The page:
Shares of Bank of America (NYSE:BAC) climbed 3.9% in regular trading on Tuesday as confidence seemed to grow over the fate of the tax bill making its way through the Senate.

Earlier in the day, the Senate Budget Committee voted along party lines (12-11) to advance the tax bill through to the Senate floor.

Bank of America Plaza in Los Angeles, California.

Bank of America Plaza in Los Angeles, California. Image source: Getty Images.

If the tax bill were to pass, there are few companies that would stand to gain as much as banks, and Bank of America in particular. As the nation's second-biggest bank by assets, Bank of America generates more net income than all but a handful of companies in the United States.

Over the last 12 months, the Charlotte, North Carolina-based bank has earned a total of $20.4 billion. That ranks it sixth on the S&P 500 in terms of total earnings. It's surpassed by only two banks (JPMorgan Chase and Wells Fargo) and three technology companies (Apple, Microsoft, and Alphabet).

With this in mind, it makes sense that Bank of America's stock would outperform the broader market as optimism toward the tax bill climbs. The S&P 500 (SNPINDEX:^GSPC) finished the day up by about 1%, which was far short of bank stocks.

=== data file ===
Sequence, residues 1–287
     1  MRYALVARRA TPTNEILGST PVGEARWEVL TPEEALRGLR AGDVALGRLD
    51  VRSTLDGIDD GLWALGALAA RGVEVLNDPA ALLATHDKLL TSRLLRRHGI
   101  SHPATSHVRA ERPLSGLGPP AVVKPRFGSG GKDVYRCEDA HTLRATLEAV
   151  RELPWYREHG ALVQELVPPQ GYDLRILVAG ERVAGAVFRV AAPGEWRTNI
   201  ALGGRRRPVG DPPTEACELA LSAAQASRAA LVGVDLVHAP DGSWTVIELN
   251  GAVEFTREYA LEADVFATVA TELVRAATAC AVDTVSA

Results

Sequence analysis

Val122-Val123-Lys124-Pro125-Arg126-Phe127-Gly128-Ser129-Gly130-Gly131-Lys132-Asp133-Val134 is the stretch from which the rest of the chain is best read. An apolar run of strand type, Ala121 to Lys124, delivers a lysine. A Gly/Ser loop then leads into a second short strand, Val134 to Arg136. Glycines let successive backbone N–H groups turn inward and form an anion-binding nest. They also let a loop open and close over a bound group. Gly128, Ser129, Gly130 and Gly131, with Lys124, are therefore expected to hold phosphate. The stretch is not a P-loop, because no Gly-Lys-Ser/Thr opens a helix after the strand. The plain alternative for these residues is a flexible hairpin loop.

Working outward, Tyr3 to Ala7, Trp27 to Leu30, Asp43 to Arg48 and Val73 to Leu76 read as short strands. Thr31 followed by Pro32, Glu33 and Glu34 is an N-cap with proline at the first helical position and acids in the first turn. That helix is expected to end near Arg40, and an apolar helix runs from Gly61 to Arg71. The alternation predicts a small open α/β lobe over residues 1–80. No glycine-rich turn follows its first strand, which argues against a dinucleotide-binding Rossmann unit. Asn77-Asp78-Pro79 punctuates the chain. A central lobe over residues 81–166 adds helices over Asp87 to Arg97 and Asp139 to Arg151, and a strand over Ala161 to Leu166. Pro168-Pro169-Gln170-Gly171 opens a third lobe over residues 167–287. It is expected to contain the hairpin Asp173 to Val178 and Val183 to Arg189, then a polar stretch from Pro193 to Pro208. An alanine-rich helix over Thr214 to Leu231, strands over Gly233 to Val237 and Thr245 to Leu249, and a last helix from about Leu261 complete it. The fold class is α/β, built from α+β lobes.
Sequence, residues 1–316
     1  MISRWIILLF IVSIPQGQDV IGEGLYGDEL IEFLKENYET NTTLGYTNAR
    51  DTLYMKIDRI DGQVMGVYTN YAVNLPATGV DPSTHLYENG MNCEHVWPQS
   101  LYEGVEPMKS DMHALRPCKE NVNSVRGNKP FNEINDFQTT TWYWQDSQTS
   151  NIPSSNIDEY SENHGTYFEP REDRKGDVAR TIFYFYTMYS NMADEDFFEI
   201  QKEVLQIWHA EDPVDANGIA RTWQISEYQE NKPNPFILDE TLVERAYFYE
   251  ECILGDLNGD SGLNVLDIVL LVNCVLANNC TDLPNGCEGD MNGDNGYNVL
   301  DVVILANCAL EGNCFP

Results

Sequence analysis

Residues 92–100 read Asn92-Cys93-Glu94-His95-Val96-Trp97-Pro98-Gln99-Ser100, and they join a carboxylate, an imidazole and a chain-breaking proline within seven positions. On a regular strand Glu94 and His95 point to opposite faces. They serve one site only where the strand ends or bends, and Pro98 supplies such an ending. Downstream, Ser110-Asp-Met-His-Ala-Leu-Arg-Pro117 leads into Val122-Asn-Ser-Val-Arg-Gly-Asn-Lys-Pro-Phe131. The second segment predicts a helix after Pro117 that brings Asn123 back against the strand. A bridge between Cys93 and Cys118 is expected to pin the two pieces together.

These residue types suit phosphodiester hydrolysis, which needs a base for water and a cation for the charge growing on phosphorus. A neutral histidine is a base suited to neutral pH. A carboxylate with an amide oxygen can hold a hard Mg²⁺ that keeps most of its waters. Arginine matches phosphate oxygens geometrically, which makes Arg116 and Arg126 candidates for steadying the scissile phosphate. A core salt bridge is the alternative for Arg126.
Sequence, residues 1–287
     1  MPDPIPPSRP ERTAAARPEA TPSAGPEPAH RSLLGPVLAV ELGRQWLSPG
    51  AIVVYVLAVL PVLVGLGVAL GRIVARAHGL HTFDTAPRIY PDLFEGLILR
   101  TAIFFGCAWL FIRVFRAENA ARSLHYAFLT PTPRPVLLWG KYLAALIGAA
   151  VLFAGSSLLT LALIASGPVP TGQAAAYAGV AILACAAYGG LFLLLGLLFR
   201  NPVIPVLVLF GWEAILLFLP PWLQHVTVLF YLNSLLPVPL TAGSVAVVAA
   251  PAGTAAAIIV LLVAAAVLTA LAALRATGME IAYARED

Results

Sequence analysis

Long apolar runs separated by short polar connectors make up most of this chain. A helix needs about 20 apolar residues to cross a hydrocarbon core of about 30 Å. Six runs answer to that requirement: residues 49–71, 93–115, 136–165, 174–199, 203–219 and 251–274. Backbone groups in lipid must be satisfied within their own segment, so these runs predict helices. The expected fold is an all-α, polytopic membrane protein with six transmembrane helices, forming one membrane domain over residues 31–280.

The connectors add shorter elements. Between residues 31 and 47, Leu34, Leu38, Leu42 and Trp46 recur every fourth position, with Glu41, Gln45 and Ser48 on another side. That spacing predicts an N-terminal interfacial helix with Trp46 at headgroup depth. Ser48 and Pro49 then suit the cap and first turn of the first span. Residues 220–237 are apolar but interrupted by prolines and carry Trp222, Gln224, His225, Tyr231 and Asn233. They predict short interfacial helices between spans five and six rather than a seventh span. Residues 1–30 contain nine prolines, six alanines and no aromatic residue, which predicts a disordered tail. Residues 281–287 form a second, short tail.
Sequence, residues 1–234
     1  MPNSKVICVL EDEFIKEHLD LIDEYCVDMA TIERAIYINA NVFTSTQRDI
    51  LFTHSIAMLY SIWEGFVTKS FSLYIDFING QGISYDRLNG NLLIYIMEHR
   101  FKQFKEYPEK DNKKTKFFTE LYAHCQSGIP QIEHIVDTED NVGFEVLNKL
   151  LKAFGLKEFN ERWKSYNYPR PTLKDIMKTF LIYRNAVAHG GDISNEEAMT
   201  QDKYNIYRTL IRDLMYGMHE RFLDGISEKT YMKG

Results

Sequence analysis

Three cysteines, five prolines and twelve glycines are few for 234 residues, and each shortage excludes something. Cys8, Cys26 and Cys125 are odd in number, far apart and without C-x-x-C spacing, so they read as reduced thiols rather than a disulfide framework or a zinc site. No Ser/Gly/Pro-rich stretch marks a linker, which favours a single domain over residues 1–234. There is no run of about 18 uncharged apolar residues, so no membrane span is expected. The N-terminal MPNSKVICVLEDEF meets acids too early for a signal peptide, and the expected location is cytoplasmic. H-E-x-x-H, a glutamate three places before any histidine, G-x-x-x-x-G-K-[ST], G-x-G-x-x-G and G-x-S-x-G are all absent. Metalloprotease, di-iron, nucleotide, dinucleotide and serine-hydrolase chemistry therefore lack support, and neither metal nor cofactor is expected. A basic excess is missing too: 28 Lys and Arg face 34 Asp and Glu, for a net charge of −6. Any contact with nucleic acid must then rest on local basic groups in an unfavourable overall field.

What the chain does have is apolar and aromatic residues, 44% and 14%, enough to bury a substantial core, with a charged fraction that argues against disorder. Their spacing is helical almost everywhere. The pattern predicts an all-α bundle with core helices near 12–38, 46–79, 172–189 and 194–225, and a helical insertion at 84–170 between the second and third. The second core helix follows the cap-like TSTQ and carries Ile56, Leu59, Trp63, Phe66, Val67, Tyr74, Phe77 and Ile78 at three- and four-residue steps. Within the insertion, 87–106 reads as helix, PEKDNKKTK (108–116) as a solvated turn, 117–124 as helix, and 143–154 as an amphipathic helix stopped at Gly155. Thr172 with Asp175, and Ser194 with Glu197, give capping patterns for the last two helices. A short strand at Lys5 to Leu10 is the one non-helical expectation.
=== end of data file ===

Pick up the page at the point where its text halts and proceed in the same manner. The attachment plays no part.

Bar chart showing the 10 most profitable companies on the S&P 500.

Data source: Chart by author.

It still remains to be seen whether the tax bill makes it through the full Senate, but there are growing reasons to think that it will. Most importantly, a number of Republican senators who have expressed concern about the bill are now beginning to soften up.

Sen. Bob Corker from Tennessee has been worried about the impact of the bill on the debt and deficits. To assuage these concerns, he and his colleagues are working on a plan that would kick in after five years if the impact on the debt and deficits is too exaggerated.

"I think we've come to a pretty good place," Corker said. "We've got an outline of an agreement at every level that matters in the Senate to make it happen."

Meanwhile, Sen. Susan Collins from Maine is working on a way to neutralize the impact of eliminating the individual mandate, which penalizes taxpayers who don't carry health insurance. Collins intimated that she has an agreement with Republican party leaders to pass a bill addressing her concerns prior to passage of the tax legislation.

Furthermore, although Sen. Ron Johnson from Wisconsin has also expressed reservations about the bill, focusing his criticism on the proposed rate on tax pass-through business entities, he also voted in favor of advancing the bill out of the Senate Budget Committee.

There are a handful of other Republican senators who have gone on record with concerns as well, but if these three issues are resolved, then it seems increasingly likely that the tax bill will succeed, pushing the corporate tax rate down from 35% to 20%, a coup for corporate America.

And if that were to happen, few companies would benefit as much as Bank of America, which explains why its stock soared on Tuesday.